O'Brien v. Quicken Loans Inc. et al

Filing 47

MEMORANDUM OPINION AND ORDER GRANTING 14 Motion to Remand; DENYING 13 Motion to correct docket entry; and DENYING WITHOUT PREJUDICE 15 Motion for Settlement to refiling in state court. This case is DISMISSED and STRICKEN from the active docket of this court. Clerk directed to enter judgment. Signed by Senior Judge Frederick P. Stamp, Jr on 6/27/11. (c to Circuit Court of Ohio County by mail)(cc)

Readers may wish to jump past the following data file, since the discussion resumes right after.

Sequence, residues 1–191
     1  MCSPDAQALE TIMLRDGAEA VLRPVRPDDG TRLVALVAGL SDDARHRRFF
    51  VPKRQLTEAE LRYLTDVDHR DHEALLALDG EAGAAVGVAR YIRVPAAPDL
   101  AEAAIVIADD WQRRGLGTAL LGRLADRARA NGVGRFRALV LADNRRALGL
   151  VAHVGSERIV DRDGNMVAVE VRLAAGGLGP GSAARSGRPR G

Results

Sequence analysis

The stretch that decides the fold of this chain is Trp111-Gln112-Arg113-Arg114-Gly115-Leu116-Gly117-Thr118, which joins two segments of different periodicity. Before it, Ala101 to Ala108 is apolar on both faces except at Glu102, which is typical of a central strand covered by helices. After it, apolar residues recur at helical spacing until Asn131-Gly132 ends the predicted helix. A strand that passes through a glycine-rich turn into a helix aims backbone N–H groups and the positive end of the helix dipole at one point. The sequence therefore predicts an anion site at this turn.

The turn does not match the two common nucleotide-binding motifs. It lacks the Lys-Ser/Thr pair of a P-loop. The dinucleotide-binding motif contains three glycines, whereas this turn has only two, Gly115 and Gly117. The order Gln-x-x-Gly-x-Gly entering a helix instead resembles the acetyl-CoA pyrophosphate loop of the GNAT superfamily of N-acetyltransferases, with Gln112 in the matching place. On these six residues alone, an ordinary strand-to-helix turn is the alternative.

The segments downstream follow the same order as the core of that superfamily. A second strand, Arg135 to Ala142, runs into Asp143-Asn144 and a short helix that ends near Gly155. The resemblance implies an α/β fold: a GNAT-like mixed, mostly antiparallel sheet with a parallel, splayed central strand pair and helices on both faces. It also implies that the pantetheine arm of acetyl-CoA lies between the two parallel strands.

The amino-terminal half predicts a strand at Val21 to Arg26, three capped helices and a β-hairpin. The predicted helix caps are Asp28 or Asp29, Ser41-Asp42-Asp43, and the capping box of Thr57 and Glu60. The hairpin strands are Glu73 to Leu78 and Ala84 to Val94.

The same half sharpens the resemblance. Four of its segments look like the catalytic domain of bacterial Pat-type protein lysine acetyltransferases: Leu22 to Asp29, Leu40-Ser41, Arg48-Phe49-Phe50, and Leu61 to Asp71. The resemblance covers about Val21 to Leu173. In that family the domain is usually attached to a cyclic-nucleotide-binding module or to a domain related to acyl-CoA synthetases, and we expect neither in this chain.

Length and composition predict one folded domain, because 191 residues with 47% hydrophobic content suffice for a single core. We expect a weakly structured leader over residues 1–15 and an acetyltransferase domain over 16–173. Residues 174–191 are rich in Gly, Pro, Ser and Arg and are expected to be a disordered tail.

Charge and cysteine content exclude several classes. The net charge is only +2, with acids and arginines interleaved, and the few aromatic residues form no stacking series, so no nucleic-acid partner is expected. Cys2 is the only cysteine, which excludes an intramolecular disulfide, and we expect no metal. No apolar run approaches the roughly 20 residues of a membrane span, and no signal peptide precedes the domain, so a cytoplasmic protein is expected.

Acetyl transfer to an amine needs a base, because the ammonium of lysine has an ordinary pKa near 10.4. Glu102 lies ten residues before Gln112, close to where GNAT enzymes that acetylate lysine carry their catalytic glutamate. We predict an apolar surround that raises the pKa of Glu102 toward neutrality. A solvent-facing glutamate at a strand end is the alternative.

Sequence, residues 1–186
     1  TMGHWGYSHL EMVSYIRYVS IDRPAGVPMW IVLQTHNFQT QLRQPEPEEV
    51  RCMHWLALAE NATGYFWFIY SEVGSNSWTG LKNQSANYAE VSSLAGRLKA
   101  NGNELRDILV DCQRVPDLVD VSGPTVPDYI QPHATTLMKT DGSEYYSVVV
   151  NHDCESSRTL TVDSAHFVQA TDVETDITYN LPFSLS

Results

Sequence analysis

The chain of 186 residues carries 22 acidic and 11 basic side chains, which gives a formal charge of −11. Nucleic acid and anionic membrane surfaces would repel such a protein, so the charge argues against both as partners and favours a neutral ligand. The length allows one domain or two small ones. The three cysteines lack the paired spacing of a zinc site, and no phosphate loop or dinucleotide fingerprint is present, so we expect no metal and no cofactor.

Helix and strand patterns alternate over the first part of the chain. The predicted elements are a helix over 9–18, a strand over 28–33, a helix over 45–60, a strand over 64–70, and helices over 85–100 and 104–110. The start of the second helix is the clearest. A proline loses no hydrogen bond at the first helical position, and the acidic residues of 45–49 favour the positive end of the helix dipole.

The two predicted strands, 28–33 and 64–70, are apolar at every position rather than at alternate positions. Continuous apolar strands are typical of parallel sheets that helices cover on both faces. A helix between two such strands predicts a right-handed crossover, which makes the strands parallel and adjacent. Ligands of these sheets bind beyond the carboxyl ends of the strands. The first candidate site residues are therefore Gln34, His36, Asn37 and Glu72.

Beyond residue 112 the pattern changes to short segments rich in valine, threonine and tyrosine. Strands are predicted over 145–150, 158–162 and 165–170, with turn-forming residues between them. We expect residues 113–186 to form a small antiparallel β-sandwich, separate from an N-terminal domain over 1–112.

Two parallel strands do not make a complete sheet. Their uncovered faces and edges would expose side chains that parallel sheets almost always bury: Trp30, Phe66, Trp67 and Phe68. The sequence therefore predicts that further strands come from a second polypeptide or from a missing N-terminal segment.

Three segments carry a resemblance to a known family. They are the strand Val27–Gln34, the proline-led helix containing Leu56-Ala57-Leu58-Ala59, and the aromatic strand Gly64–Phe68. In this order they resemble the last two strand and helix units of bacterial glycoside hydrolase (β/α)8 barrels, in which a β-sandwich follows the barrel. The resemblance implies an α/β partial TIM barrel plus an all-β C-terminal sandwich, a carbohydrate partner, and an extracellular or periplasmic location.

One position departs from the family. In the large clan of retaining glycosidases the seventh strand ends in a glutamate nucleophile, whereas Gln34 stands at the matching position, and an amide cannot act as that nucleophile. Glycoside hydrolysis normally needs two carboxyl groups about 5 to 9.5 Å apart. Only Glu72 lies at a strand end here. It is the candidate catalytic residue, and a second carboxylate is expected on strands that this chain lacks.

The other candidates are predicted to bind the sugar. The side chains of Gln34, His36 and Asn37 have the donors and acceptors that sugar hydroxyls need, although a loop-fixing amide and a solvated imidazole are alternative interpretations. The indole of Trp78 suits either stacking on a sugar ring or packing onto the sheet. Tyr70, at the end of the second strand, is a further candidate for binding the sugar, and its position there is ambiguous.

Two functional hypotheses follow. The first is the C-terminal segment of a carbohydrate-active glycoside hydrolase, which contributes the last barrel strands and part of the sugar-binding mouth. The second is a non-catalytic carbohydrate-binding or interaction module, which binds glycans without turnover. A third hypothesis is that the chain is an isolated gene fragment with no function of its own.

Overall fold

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IN THE UNITED STATES DISTRICT COURT FOR THE NORTHERN DISTRICT OF WEST VIRGINIA BARBARA O’BRIEN, Plaintiff, v. Civil Action No. 5:10CV110 (STAMP) QUICKEN LOANS, INC., TITLE SOURCE INC. d/b/a TITLE SOURCE, INC. of WEST VIRGINIA, APPRAISALS UNLIMITED, INCORPORATED, DEWEY V. GUIDA and JOHN DOE NOTE HOLDER, Defendants. MEMORANDUM OPINION AND ORDER GRANTING PLAINTIFF’S MOTION TO REMAND; DENYING DEFENDANTS’ MOTION TO CORRECT DOCKET ENTRY; DENYING WITHOUT PREJUDICE DEFENDANTS’ MOTION FOR APPROVAL OF SETTLEMENT AS BEING IN GOOD FAITH; AND DENYING PLAINTIFF’S REQUEST FOR ATTORNEY’S FEES I. The plaintiff Procedural History commenced this civil action by filing a complaint in the Circuit Court of Ohio County, West Virginia alleging that she is the victim of a predatory lending scheme perpetrated by the defendants. The complaint includes the following causes of action: (1) unconscionability; (2) breach of the covenant of good faith and fair dealing; (3) fraud/intentional misrepresentation; (4) negligent misrepresentation; (5) illegal appraisal; and (6) breach professional negligence. of professional standards and The complaint further alleges that the plaintiff is entitled to compensatory and punitive damages. This action arrangement is between one a of three national cases lender, arising Quicken out Loans, of an Inc. (“Quicken”), and a local appraiser whereby real estate appraisals were allegedly artificially inflated as part of a predatory lending scheme.1 The plaintiff in this case, the appraiser, Dewey Guida, and his company, Appraisals Unlimited Incorporated (“Appraisals Unlimited”), were in the process of negotiating a settlement agreement when Quicken filed its notice of removal. During these negotiations, the settling defendants’ attorney, Heather Noel (“Noel”), and the plaintiff’s attorney, Jason Causey (“Causey”), exchanged a proposed settlement agreement. edited portions of the draft agreement. Both Noel and Causey On October 28, 2010, Noel sent an email to Causey raising a number of questions and concerns regarding Causey’s rewrites, including how the settlement proceeds would be distributed and why Causey had deleted certain language from the proposed agreement. The next day, October 29, 2010, at approximately 7:17 p.m., Noel emailed a letter to Causey advising him that her clients had agreed in full to the revisions of the settlement agreement. At that time, no effort had been made to address the outstanding issues and questions raised in Noel’s October 28, 2010 email. Furthermore, the draft agreement had not yet been finalized. 1 The other pending cases involve two unrelated individuals who also claim to be victims of the same predatory scheme. 2 Only a few hours after Noel sent the letter to Causey, at approximately 11:00 p.m. on October 29, 2010, the last day on which this action could be removed, Quicken faxed a notice of removal to the Clerk’s Office of this Court. Attached to the notice of removal was Noel’s October 29, 2010 letter. Citing this letter, Quicken alleged that a settlement had been reached with Guida and Appraisals Unlimited. Thus, they were no longer adverse parties and their citizenship could be disregarded for removal purposes. Importantly, Quicken could not file its notice of removal via the CM/ECF system after hours on October 29, 2010 because the Clerk’s Office was closed. It was not until Monday, November 1, 2010, that Quicken was able to electronically file its notice of removal after the Clerk’s Office opened it as a new case and assigned a case number. On November 1, 2010, Causey wrote to Noel indicating that he was confused by the October 29, 2010 letter. that the draft agreement was still incomplete. Causey pointed out Specifically, the draft agreement contained blanks for the amounts of the settlement checks. there Therefore, in Causey’s opinion, as of October 29, 2010, was no agreement concerning the distribution of the settlement proceeds. Causey wrote to Quicken and Title Source on November 10, 2010 requesting a voluntary remand. The defendants did not respond to this letter, but instead filed a motion to correct the docket entry 3 (Doc. 13), in which they request that this Court change the filing date of their notice of removal to October 29, 2010 -- the date that it was faxed to the Clerk’s Office. The plaintiff then filed a response to the motion to correct the docket entry, to which the defendants replied. On November 24, 2010, the plaintiff filed a motion to remand (Doc. 14) in which she argues that the defendants’ notice of removal was untimely because it was filed more than one year after the case was originally brought in state court. Further, the plaintiff contends that Guida and Appraisals Unlimited were still parties to the case at the time of removal, and their presence prevented removal. Defendants Quicken and Title Source, Inc. (“Title Source”) filed a response in opposition to the motion to remand. Subsequently, the plaintiff filed a reply brief. One week later, on December 1, 2010, Appraisals Unlimited and Guida filed a motion for approval of settlement as being in good faith (Doc. 15) moving this Court to approve, ratify and confirm the settlement agreement entered into by and between the plaintiff, Appraisals Unlimited, and Guida. According to these defendants, the settlement was fair, reasonable, and made in good faith. Quicken and Title Source filed a response to the motion for approval of settlement as being in good faith stating that they do not object to the settlement between Appraisals Unlimited, Guida, 4 and the plaintiff. The plaintiff did not file a response to the motion for approval of settlement as being in good faith. All three motions are currently pending before this Court and are ripe for review. For the reasons set forth below, the plaintiff’s motion to remand is granted, Quicken’s motion to correct the docket entry is denied, and the motion for approval of settlement as being in good faith is denied without prejudice. Facts2 II. The plaintiff, Barbara O’Brien, obtained at least two loans from Quicken, the first of which closed on or about February 2006. The second loan closed on November 15, 2007 and was a refinancing of the first loan. On or about November 15, 2007, the plaintiff executed a promissory note in the principal sum of $175,050.00, with an “interest only” feature. of trust. This note was secured by a deed The plaintiff contends that Quicken represented that by paying points, she would be buying down, or reducing, her interest rate. The plaintiff paid 3.625 points equaling $6,345.56. According to the plaintiff, Quicken’s representations regarding the reduction of her interest rate were false, deceptive, and unfair. The plaintiff further alleges that Quicken and Title Source secured an inflated and inaccurate appraisal of the property from Appraisals Unlimited and Guida. Specifically, Guida and Appraisals 2 For purposes of deciding this motion to remand, this Court considers, for the most part, the facts as presented in the plaintiff’s complaint. 5 Unlimited issued a report dated October 30, 2007 that assigned an appraised value of $194,500.00 to the subject property. This value, according to the plaintiff, misrepresented the market value of the home, which was approximately $117,000.00 at the time of the appraisal. By overvaluing the plaintiff’s home, this enabled Quicken to make a loan for an amount in excess of the home’s market value. The appraisal secured by Quicken and Title Source for the February 2006 loan was likewise prepared by Guida and Appraisals Unlimited and was allegedly inflated as well. III. Applicable Law A defendant may remove a case from state court to federal court in instances where the federal court is able to exercise original jurisdiction over the matter. 28 U.S.C. § 1441. Federal courts have original jurisdiction over primarily two types of cases: (1) those involving federal questions under 28 U.S.C. § 1331, and (2) those involving citizens of different states where the amount in controversy exceeds $75,000.00, exclusive interests and costs pursuant to 28 U.S.C. § 1332(a). seeking removal jurisdiction. bears the burden of establishing of The party federal See Mulcahey v. Columbia Organic Chems. Co., Inc., 29 F.3d 148, 151 (4th Cir. 1994). Removal jurisdiction is strictly construed, and if federal jurisdiction is doubtful, the federal court must remand. Id. Further, the court is limited to a consideration of facts on the record at the time of removal. 6 See Lowrey v. Alabama Power Co., 483 F.3d 1184, 1213-15 (11th Cir. 2007) (stating that in assessing whether removal was proper, the district court has before it only the limited universe of evidence available when the motion to remand is filed); Marshall v. Kimble, No. 5:10CV127, 2011 WL 43034, at *3 (N.D. W. Va. Jan. 6, 2011) (“The defendant’s removal cannot be based on speculation; rather, it must be based on facts as they exist at the time of removal.”). IV. Discussion In her motion to remand, the plaintiff contends that because the defendants’ notice of removal was filed more than one year after the case was commenced in state court, it is untimely and this Court has no jurisdiction to entertain it. The plaintiff further argues that because there was no settlement agreement in place as of October 29, 2010, Guida and Appraisals Unlimited remained parties diversity. to this case and their presence destroyed Finally, the plaintiff asserts that an award of attorney’s fees is appropriate under 28 U.S.C. § 1447(c) because the defendants acted in bad faith in filing their notice of removal. In response, the defendants argue that the notice of removal was timely filed by facsimile, in accordance with the local rules of this Court. The defendants also claim that the requirement for complete diversity was satisfied because a meeting of the minds had been reached between the plaintiff, Guida, and Appraisals Unlimited 7 and as a result, the settling defendants were no longer genuinely adverse to the plaintiff. Finally, the defendants counter that the plaintiff is not entitled to fees and costs because removal was proper. A. This Court addresses all three arguments in turn. Timeliness of Removal The procedure for removal is governed by 28 U.S.C. § 1446, which provides, in relevant part: (a) A defendant . . . desiring to remove any civil action . . . from a State court shall file in the district court . . . a notice of removal signed pursuant to Rule 11 of the Federal Rules of Civil Procedure and containing a short and plain statement of the grounds for removal, together with a copy of all process, pleadings, and orders served upon such defendant . . . in such action. (b) . . . If the case stated by the initial pleading is not removable, a notice of removal may be filed within thirty days after receipt by the defendant, through service or otherwise, of a copy of an amended pleading, motion, order or other paper from which it may be first ascertained that the case is one which is or has become removable, except that a case may not be removed on the basis of jurisdiction conferred by section 1332 of this title more than 1 year after commencement of the action. 28 U.S.C. § 1446(a),(b). “In diversity cases, the statute explicitly safeguards against . . . a strategic delay by erecting an absolute bar to removal of cases in which jurisdiction is premised on 28 U.S.C. § 1332 ‘more than 1 year after commencement of the action.’” Lovern v. General Motors Corp., 121 F.3d 160, 163 (4th Cir. 1997) (quoting 28 U.S.C. § 1446(b)); see also Caterpillar Inc. v. Lewis, 519 U.S. 61, 62 (1996) (stating that no case may be removed based on diversity more than one year after commencement of 8 the action); Price v. Messer, 872 F. Supp. 317, 320 (S.D. W. Va. 1995) (recognizing that the one year cap of § 1446(b) is a jurisdictional limitation that should be rigidly observed to prevent removal of diversity cases pending in state court for more than one year). In this case, the defendants faxed their notice of removal to the Clerk’s Office on October 29, 2010 -- the one-year removal deadline. But the defendants did not electronically file the notice of removal until November 1, 2010 -- one year and three days after this case was first commenced in state court. Thus, the central issue with regard to timeliness is whether the notice of removal can be considered filed as of October 29, 2010. This Court finds that it cannot do so. In support of their contention that the notice of removal was timely filed by fax, the defendants rely on Rule 5.04(h) of the Local Rules of General Procedure of this Court, which states: A fax copy of a document shall be deemed filed when it arrives in its entirety on a Clerk’s Office fax machine without regard to the hours of operation of the Clerk’s Office. Upon receiving a faxed filing, the Clerk of the Court shall note the filing date on the fax copy in the same manner as with other documents filed by mail or in person. LR Gen P 5.04(h). The defendants also highlight Rule 5.05(a) of the Local Rules of General Procedure: “A party may file any document in a civil action, other than a complaint or petition, by fax transmission. The Clerk shall accept the document as filed if 9 the filing and the document comply with these and other applicable rules and statutes.” LR Gen P 5.05(a). Because the document was received in its entirety by fax on October 29, 2010, the defendants argue that it should be deemed filed as of that date. The plaintiff cites Rule 5.01 of the Local Rules of General Procedure, as well as the United States District Court for the Northern District of West Virginia Attorney Filing Manual (“Attorney Filing Manual”), in support of her position that the notice of removal was not timely filed. Rule 5.01 provides: “Absent good cause, counsel shall file electronically using CM/ECF in this Court.” LR Gen P 5.01(a). Section 8 of the Attorney Filing Manual sets forth the rules for filing any “initiating document,” including a notice of removal: A. Filers must deliver a civil cover sheet and the appropriate filing fee to the Clerk’s Office by mail, personal delivery or other means to open new civil actions. B. Upon the civil cover sheet and filing fee, the Clerk’s Office will open the case and assign a case number. Once the case is open, the Clerk’s Office will electronically notify the filer to file the civil complaint, petition, notice of removal, or other documents. C. After receiving the electronic notice from the clerk, the filer shall electronically file the complaint, petition, notice of removal, or other initiating document. Electronic delivery of the complaint, petition, notice of removal, or other initiating document to the Court’s CM/ECF System constitutes “filing.” D. NOTE: Pursuant to Rule 3 of the Federal Rules of Civil Procedure, the statute of limitations is not tolled by this procedure until the complaint, petition, notice 10 of removal, or other initiating document is filed with this Court and the filing fee is paid. (Att’y Filing Manual § 8.) According to the plaintiff, the defendants’ delivery of the notice of removal by fax after regular office hours had no legal effect. It was not until November 1, 2010, when the Clerk’s Office opened the case, assigned a case number, and enabled the defendants to electronically file their notice, that the notice of removal was actually filed. plaintiff asserts that the docket sheet accurately The reflects November 1, 2010 as the filing date of the notice of removal because this is the date that the defendants complied with the requirements of Section 8 of the Attorney Filing Manual. While this Court acknowledges that the Local Rules provide for filing by fax, this Court finds that in this case, the defendants’ transmission of the notice of removal by fax one hour before the one-year deadline expired did not comply with the rules regarding the commencement of a civil action. Therefore, the notice of removal cannot be considered timely. As the defendants correctly note, “[t]o the extent [the] Attorney Filing Manual conflicts with the Court’s existing Local Rules, the Local Rules take precedence.” 2.) (Att’y Filing Manual at However, this clarification does not enable the defendants to disregard the rules for commencing a civil action. In fact, the Local Rules specifically provide that parties may file certain documents by fax, but that “[t]he Clerk shall accept the document 11 as filed if the filing and the document comply with these and other applicable rules and statutes.” LR Gen P 5.05(a) (emphasis added). Rather than complying with the rules for commencing a civil action and Local Rule of General Procedure 5.01(a) requiring electronic filing absent good cause, the defendants sent a latenight fax to the Clerk’s Office and assumed that they could complete the other filing requirements at a later date. The defendants included a civil cover sheet with their fax, but they had not yet paid the appropriate filing fee to the Clerk’s Office (the filing fee was not paid until November 1, 2010).3 Because the Clerk’s Office did not see the fax until November 1, 2010, a case number could not be assigned and the case could not be opened until that day. Once the case was opened, the defendants were then able to file the notice of removal electronically. Significantly, the Attorney Filing Manual states that “[e]lectronic delivery of the . . . notice of removal . . . to the Court’s CM/ECF System constitutes ‘filing.’” § 8(C).) (Att’y Filing Manual Further, the Manual provides that “the statute of limitations is not tolled . . until the . . . notice of removal . . . is filed with this Court and the filing fee is paid.” 3 (Att’y Although the docket sheet indicates that the civil cover sheet and the filing fee were filed on October 29, 2010, this is not the case. The cover sheet was faxed along with the notice of removal on October 29, 2011 and was entered by the Clerk’s Office on November 1, 2010. When the Clerk’s Office entered the civil cover sheet, it was back-dated to October 29, 2010. The filing fee was paid on November 1, 2010. 12 Filing Manual § 8(D).) These rules for commencement of a civil action that appear in the Attorney Filing Manual are the same as those listed in the United States District Court for the Northern District of West Virginia Administrative Procedures for Electronic Case Filing (“Administrative Procedures”). Procedures state that “[t]o the extent The Administrative these Administrative Procedures conflict with the Court’s existing Local Rules, these Administrative Procedures take precedence.” ii.) (Admin. Procedures at Both the Administrative Procedures, which trump the Local Rules, and the Attorney Filing Manual clearly set forth what constitutes “filing” of an initiating document such as a notice of removal, and the defendants’ fax does not meet these requirements.4 Because the defendants’ faxed notice of removal did not comply with the applicable rules for commencing a civil action, the Clerk’s Office could not accept it as filed on October 29, 2010. See LR Gen P 5.05(a). As of October 29, 2010, this case had not been opened, a case number had not been assigned, and the filing fee had not been paid. These steps were not taken until November 1, 2010, after the time for filing a notice of removal had expired. 4 The preface to the Local Rules provides: “A district judge may, in the interest of orderly, expeditious, and efficient administration of justice, allow departures from these Local Rules when warranted by particular facts and circumstances.” Thus, this Court relies not only on the fact that the Administrative Procedures take precedence over the Local Rules, but also on the fact that a departure from the Local Rules is warranted in this case. 13 Therefore, the notice of removal is untimely and the motion to remand must be granted. B. Diversity of Citizenship Even if this Court were to find that the defendants had timely filed their notice of removal, remand must be granted because at the time of removal, complete diversity of citizenship did not exist. See 28 U.S.C. § 1332(a). The United States Court of Appeals for the Fourth Circuit interprets 28 U.S.C. § 1446 to allow removal after the voluntary discontinuance of an action against a non-diverse defendant. Higgins v. E.I. DuPont de Nemours & Co., 863 F.2d 1162, 1166 (4th Cir. 1988). Further, a federal court must disregard nominal or formal parties and rest jurisdiction upon the citizenship of real parties to the controversy. Navarro Sav. Ass’n v. Lee, 446 U.S. 458, 460-61 (1980). “A party whose presence in the action would destroy diversity must be dropped formally, as a matter of record, to permit removal to federal court.” 14B C. Wright, A. Miller & E. Cooper, Federal Practice and Procedure § 3723, at 716 (2009); see King v. Kyak Mfg. Corp., 688 F. Supp. 227, 230 (N.D. W. Va. 1988) (holding that removal was appropriate because the diversity-defeating defendant voluntarily settled with the plaintiff and the state trial judge announced that he was not longer a party to the case). A written order of dismissal is not necessarily required to determine whether a case is ripe for removal. See King, 688 F. Supp at 230. 14 But “for a case to become removable as a consequence of a settlement between the plaintiff and the only nondiverse party, a defendant must be able to establish with a reasonable degree of certainty that dismissal of the nondiverse defendant is an inevitability.” See Allison v. Meadows No. 2:05-CV-00092, 2005 WL 2016815, at *3 (S.D. W. Va. Aug. 22, 2005). In this case, the only proof of settlement provided by the defendants is the October 29, 2010 letter from Noel stating that her clients have agreed in full to the revisions in the language of the Release in Full of All Claims. (Mot. to Remand Ex. B.) After reviewing the record, this Court finds no evidence proving that the plaintiff, Guida, and Appraisals Unlimited had arrived at a final settlement. The draft release provided to Noel on October 15, 2010 contained blanks instead of distribution amounts. The October 28, 2010 email from Noel to Causey includes a question regarding the distribution of the settlement and a request for clarification of the exclusion of language regarding the Brown findings of fact and conclusions of law. Although the correspondence traded between the attorneys indicates that settlement discussions were progressing, there is no indication that the parties had reached a meeting of the minds regarding settlement. Contrary to the defendants’ representations, this Court finds that the conduct of the parties does not demonstrate that a settlement had been reached. At the time of removal, multiple issues had yet to be decided regarding 15 settlement, including the amount of the distributions and the exact wording of the release language. These issues were not mere “clerical details” or “minutiae”; they were central to the finality of settlement. Because this Court finds that Guida and Appraisals Unlimited’s dismissal was not an inevitability at the time of removal, removal is not appropriate. See Allison, 2005 WL 2016815, at *3. The defendants’ letter indicating an intent to settle “is not a sufficiently certain indication that the case is one which is or has become removable.” Id. Thus, the defendants’ proof of settlement fails the Allison reasonable certainty test, and remand must be granted. C. Attorney’s Fees In addition to a remand, the plaintiff asks that this Court award her the attorney’s fees and costs associated with pursuing this motion. With respect to the award of attorney’s fees and costs, the Fourth Circuit has found that 28 U.S.C. § 1447(c) “provides the district court with discretion to award fees when remanding a case” where it finds such awards appropriate. Lowe, 102 F.3d 731, 733 n. 2 (4th Cir. 1996). In re This Court finds that such fees and costs are inappropriate in this matter because the defendants asserted at least a colorable claim to removal jurisdiction in this Court. Accordingly, this Court finds that the 16 plaintiff’s request for an award of attorney’s fees and costs should be denied. V. Conclusion For the reasons stated above, the plaintiff’s motion to remand (Doc. 14) is GRANTED. Accordingly, it is ORDERED that this case be REMANDED to the Circuit Court of Ohio County, West Virginia. The defendants’ motion for approval of settlement as being in good faith (Doc. 15) is hereby DENIED WITHOUT PREJUDICE to re-filing in state court, and the defendants’ motion to correct docket entry (Doc. 13) is DENIED. It is further ORDERED that this case be DISMISSED and STRICKEN from the active docket of this Court. IT IS SO ORDERED. The Clerk is DIRECTED to transmit a copy of this memorandum opinion and order to counsel of record herein and to the Clerk of the Circuit Court of Ohio County, West Virginia. Pursuant to Federal Rule of Civil Procedure 58, the Clerk is DIRECTED to enter judgment on this matter. DATED: June 27, 2011 /s/ Frederick P. Stamp, Jr. FREDERICK P. STAMP, JR. UNITED STATES DISTRICT JUDGE 17